(d) This model of biosensors is used to detect proteolytic activity. MRE, a substrate for the protease of interest, is cleaved by the enzyme thus detaching the FRET pair and this turns the FRET signal off.

Check out this link for an interactive flash tutorial on FRET-Based biosensors.

Bimolecular Fluorescence Complementation (BiFC)-based biosensors

In this type of biosensors, the FP which is split up and MRE is linked to one portion while the analyte protein is linked to the other portion. When the two proteins interact, the two fragments fuse together, refolding properly into its 3-D structure and produce a fluorescence signal. . BiFC biosensors are commonly used to detect protein-protein interactions in cells. It is even possible to combine pieces of different fluorescent proteins together thus producing chimeral FPs with a variety of fluorescent shades enabling the simultaneous study of multiple protein interactions in the same cell.

[Image: image2.jpg]

Single FP based biosensors

A single fluorescent protein coupled with a MRE makes up single FP based biosensors. The MRE can be either exogenous or endogenous. Analyte binding to the MRE causes conformational changes of the fluorescent protein consequently altering its fluorescent properties. This strategy is useful in pH sensitive biosensors, Zn2+ biosensors etc.

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However, recent research advancements have resulted in biosensor designs that combine two or more of the above strategies.

A growing field

Owing to the comparative advantages such as ease of manufacture using standard molecular biology techniques, ability to noninvasively observe biological process in the live cells, high sensitivity, high selectivity, the progress in the development of the genetically encode fluorescent protein-based biosensors has been revolutionary.
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Green fluorescent protein and its principles have thrown their light over the wide spectrum of biological causes. Today, with the help of color palette which is comprised of fluorescent proteins in various spectrum allow researchers to paint living cells according to their own desires.

Besides, sophisticated bio sensors have been engineered with regard to containing single or double or multiple fluorescent proteins. These include spatiotemporally FRET-based bio sensors. They unveil molecular methodologies involved in underlying physiological processes.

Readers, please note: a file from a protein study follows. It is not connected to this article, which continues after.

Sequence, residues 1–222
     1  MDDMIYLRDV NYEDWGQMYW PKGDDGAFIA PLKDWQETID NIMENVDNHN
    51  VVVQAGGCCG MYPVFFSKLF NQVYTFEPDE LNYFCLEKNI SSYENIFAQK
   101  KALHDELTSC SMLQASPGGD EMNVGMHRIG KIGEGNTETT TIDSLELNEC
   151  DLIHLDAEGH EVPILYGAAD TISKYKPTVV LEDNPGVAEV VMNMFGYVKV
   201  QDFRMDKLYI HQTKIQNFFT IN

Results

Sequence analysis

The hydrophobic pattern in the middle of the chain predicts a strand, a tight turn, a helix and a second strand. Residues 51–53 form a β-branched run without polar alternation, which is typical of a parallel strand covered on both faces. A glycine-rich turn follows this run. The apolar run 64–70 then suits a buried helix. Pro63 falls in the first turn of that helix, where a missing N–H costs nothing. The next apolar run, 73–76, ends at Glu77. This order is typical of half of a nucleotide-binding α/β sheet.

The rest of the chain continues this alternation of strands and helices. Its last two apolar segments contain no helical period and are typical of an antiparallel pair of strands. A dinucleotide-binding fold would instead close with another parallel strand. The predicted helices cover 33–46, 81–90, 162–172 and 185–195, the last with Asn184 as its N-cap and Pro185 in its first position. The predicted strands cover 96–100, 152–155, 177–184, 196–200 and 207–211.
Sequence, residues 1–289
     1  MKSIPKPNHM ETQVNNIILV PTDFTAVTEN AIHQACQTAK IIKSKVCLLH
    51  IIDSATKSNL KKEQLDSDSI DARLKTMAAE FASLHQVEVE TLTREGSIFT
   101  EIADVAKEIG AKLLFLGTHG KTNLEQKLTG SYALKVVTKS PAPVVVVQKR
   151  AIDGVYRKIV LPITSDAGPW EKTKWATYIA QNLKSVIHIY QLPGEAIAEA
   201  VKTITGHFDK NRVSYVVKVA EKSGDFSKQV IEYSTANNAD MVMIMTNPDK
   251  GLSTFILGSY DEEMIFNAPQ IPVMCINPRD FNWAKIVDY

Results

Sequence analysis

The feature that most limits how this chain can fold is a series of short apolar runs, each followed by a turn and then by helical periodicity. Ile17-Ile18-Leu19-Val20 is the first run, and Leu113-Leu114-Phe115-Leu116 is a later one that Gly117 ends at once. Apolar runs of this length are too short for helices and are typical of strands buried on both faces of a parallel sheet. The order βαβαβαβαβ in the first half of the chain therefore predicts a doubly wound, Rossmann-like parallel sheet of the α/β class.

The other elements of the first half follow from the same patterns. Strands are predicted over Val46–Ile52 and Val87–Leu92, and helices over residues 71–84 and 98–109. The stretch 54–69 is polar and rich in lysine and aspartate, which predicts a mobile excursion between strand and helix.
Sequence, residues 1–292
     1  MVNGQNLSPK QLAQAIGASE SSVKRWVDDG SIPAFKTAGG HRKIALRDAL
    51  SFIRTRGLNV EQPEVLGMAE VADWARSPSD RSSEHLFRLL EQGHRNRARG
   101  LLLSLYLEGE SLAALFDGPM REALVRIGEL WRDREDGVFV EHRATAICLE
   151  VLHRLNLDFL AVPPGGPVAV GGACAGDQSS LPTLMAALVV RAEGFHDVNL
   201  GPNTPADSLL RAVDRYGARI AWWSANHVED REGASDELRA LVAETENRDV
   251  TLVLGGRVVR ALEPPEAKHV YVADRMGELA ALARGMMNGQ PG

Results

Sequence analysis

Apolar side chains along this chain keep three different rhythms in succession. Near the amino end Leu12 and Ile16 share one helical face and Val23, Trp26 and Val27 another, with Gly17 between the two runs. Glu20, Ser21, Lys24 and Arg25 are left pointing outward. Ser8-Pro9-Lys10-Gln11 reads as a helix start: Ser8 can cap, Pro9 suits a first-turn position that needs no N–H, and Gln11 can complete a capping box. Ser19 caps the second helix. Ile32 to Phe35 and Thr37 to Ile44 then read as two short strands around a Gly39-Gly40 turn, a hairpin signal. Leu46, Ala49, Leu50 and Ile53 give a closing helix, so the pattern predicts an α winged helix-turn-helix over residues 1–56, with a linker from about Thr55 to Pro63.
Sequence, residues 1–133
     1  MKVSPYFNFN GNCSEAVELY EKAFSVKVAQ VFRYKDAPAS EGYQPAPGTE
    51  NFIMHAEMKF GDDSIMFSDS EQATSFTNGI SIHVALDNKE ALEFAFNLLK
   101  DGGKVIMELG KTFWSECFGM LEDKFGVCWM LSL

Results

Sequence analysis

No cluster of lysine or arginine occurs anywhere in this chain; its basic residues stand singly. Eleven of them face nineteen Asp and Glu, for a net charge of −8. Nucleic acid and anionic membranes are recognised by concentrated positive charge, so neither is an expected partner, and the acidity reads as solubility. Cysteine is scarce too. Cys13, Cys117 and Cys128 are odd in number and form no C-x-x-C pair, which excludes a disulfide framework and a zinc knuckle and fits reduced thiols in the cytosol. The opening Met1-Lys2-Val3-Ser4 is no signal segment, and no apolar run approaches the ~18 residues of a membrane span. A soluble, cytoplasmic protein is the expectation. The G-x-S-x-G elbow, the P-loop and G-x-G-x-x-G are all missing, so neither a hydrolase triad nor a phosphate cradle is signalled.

It is also true that these molecular have immensely contributed for basic researches so far. It is also necessary to mention that their functionality could be used in applied sciences is yet to investigate.
Genetically produced bio sensors has the tendency to allow noninvasive imaging of certain bio recognition or biochemical processes with the preservation of temporal and sub-cellular spatial information. Apart from this, aequorea green fluorescent protein and their engineered variants are very important and critical components of genetically produced bio sensors because they provide read-out of bio-recognition chain of events even during investigations.

The family of fluorescent protein based bio sensors includes the diverse range of arrays of various designs that can be utilized for different photo-physical characteristics of fluorescent proteins.
Notwithstanding, these fluorescent bio sensors can be used for studying molecular chain of events from single cells to whole organism. They are unique in the context that they have the capability to target both organelles and tissues. They can also determine different molecules events such as protein binding interactions, phosphorylation, proteolysis, and De-phosphorylations. There is option of designing them with four different and common patterns.

These patterns includes intra-molecular interactions, intermolecular interactions, multiple FPs or proteo-lytic cleavage. Binding interactions between proteins are essential for signal transduction and catalytic activation. For instance, many protein pathways are activated by the association of membrane receptors, which activate enzymes for propagation of signals.
Sasa Milosevic